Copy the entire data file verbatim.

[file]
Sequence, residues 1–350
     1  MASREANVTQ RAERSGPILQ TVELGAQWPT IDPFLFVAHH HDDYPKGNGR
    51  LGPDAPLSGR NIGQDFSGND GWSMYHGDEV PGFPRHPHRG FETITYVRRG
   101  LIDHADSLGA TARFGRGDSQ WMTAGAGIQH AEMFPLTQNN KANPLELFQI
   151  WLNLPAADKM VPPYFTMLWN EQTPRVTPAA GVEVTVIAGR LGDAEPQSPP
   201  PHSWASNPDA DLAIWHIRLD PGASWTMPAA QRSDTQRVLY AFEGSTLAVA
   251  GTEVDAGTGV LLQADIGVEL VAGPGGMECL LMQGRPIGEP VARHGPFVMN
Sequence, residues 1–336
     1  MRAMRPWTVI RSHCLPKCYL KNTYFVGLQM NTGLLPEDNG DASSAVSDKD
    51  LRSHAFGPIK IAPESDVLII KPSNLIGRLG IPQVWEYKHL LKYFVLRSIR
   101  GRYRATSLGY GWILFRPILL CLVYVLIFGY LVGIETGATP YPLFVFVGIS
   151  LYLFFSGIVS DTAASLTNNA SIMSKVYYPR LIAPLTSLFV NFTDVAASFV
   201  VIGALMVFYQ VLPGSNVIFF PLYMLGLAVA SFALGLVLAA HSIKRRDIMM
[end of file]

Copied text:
Sequence, residues 1–350
     1  MASREANVTQ RAERSGPILQ TVELGAQWPT IDPFLFVAHH HDDYPKGNGR
    51  LGPDAPLSGR NIGQDFSGND GWSMYHGDEV PGFPRHPHRG FETITYVRRG
   101  LIDHADSLGA TARFGRGDSQ WMTAGAGIQH AEMFPLTQNN KANPLELFQI
   151  WLNLPAADKM VPPYFTMLWN EQTPRVTPAA GVEVTVIAGR LGDAEPQSPP
   201  PHSWASNPDA DLAIWHIRLD PGASWTMPAA QRSDTQRVLY AFEGSTLAVA
   251  GTEVDAGTGV LLQADIGVEL VAGPGGMECL LMQGRPIGEP VARHGPFVMN
Sequence, residues 1–336
     1  MRAMRPWTVI RSHCLPKCYL KNTYFVGLQM NTGLLPEDNG DASSAVSDKD
    51  LRSHAFGPIK IAPESDVLII KPSNLIGRLG IPQVWEYKHL LKYFVLRSIR
   101  GRYRATSLGY GWILFRPILL CLVYVLIFGY LVGIETGATP YPLFVFVGIS
   151  LYLFFSGIVS DTAASLTNNA SIMSKVYYPR LIAPLTSLFV NFTDVAASFV
   201  VIGALMVFYQ VLPGSNVIFF PLYMLGLAVA SFALGLVLAA HSIKRRDIMM